Column: Windward freshman Juju Watkins could be a game changer in girls’ basketball

Windward freshman Juju Watkins
Windward freshman Juju Watkins could be a trendsetter in women’s basketball. She’s averaging 21 points a game as a 14-year-old.
(Eric Sondheimer / Los Angeles Times)

As a 14-year-old freshman, Juju Watkins of Los Angeles Windward is on her way to becoming the most influential girls’ basketball player in Southern California.

Watkins, 6 feet tall and still growing, is averaging 21.1 points a game, something Windward’s last two McDonald’s All-Americans, Jordin Canada and Charisma Osborne, never did at such a young age.

She has a rare talent for girls’ basketball — the ability to create her own shot anywhere on the court.

“I haven’t seen it at the high school level,” coach Vanessa Nygaard said. “She’s not normal. She’s a game changer on the women’s side. We’re doing totally new things as a team because of her skill set.”


Because of Watkins’ size, athleticism and physicality, there’s no position she can’t play, whether it’s center, forward or point guard. She makes threes or posts up inside and overpowers a defender with her strength. She has the ability to pull down a rebound and dribble the length of the court and has started working on scoring off an alley-oop pass.

“I feel like I’ve had that sense of diversity since I started playing,” Watkins said. “My parents always taught me, ‘You’re tall. That’s great but we want you to explore other aspects of the game.’”

Her mother, Sari, played basketball at Washington Prep. Her father, Robert Neal, played at Verbum Dei. Her basketball days began when an uncle put her in a park league as a 7-year-old.

Her great-grandfather was Ted Watkins Sr., who founded the Watts Labor Community Action Committee to provide jobs and social services after the 1965 Watts riots. Watkins practices in the gym at Ted Watkins Sr. Memorial Park near her home.

The big family news is she beat her mother in a game of one-on-one for the first time when she was 12 and finally beat her father last year.

“That took some time,” she said. “My dad is a bit of shooter. You have to play up on him.”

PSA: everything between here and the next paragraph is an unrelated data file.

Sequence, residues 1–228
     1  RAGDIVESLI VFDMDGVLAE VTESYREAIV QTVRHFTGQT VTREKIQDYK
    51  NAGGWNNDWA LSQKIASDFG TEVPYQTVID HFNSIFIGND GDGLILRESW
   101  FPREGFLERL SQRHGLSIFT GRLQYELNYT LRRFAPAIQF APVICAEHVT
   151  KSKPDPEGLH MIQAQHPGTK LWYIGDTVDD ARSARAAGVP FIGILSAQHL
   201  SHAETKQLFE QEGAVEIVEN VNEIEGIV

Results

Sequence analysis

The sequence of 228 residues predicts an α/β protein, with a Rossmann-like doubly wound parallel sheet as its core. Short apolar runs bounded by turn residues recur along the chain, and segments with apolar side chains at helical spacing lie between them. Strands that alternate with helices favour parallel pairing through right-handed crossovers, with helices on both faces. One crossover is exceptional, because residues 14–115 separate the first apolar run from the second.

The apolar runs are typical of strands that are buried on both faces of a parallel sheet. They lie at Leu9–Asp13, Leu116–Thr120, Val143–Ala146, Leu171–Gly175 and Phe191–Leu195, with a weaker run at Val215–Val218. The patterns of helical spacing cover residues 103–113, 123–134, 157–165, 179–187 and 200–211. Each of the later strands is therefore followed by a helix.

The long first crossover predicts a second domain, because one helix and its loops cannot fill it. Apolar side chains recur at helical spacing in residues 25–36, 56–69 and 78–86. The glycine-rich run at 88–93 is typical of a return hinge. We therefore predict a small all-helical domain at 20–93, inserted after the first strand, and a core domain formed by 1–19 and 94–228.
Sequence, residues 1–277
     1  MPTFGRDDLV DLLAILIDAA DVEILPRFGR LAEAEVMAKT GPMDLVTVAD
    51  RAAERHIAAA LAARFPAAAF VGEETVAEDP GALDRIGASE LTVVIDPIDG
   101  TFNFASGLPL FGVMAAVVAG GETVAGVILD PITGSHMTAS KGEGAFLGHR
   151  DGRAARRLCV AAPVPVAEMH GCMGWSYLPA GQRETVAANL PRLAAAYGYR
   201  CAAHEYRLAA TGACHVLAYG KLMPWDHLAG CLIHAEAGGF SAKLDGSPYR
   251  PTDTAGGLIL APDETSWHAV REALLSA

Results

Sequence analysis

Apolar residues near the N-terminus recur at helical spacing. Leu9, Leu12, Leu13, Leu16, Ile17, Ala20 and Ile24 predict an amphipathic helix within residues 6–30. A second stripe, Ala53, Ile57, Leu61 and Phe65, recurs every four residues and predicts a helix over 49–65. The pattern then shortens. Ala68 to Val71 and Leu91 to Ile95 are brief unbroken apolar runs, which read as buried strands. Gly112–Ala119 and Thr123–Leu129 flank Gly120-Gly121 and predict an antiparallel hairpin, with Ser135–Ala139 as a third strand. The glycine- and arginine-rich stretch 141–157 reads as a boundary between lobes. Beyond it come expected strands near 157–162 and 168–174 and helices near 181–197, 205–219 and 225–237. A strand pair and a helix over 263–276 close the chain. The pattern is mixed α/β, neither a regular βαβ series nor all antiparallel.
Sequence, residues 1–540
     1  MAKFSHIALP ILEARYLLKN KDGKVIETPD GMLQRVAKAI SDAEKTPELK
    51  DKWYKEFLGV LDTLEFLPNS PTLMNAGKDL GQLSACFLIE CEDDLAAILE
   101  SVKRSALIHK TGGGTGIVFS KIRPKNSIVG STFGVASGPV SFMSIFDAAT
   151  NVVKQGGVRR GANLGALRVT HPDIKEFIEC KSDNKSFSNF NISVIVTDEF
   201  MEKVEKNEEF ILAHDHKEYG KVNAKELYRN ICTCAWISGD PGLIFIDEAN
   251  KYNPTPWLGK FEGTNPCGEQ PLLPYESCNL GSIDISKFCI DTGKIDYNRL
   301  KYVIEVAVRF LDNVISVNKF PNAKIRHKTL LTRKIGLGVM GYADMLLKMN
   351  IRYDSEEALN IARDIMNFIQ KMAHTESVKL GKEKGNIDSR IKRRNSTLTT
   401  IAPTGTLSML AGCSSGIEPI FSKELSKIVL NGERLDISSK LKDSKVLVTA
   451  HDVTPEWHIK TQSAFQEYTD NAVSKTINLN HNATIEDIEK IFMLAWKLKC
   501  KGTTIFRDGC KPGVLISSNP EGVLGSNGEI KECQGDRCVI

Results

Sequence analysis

Her dream is to change the game by the way she plays the game.

“I look at women now and see how the game is evolving,” she said. “Everybody is developing new ways of playing. It’s a dream to be a role model and have others looking up to me.”

Watkins started this season as more of a role player because of her youth. Then Nygaard realized she needed to be turned loose. The offense changed, giving Watkins more opportunities to handle the ball and create shots.

Windward (23-4) opened pool play in the Southern Section Open Division playoffs on Saturday night by pulling out a 67-65 win over Corona Centennial when Ally Lopez made a basket in the final seconds.

The Wildcats are mostly a young team that figures to be a force this season and beyond. Junior Michelle Duchemin is a top athlete, having won the Southern Section Division 4 high jump championship last season. Senior McKayla Williams has been a four-year standout headed to Gonzaga. Watkins has blended in perfectly after earning rave reviews in middle school at Windward.

“It’s a challenge,” she said of the high school game. “I feel being consistent with your performance and effort and putting in the hours and being a team player on the floor is really important.”

Her rise is no secret. Alicia Komaki, coach of No. 1-seeded Chatsworth Sierra Canyon, said, “She’s incredibly dominant. It’s really, really hard to guard her because of her size and physicality. She’s definitely exceptional.”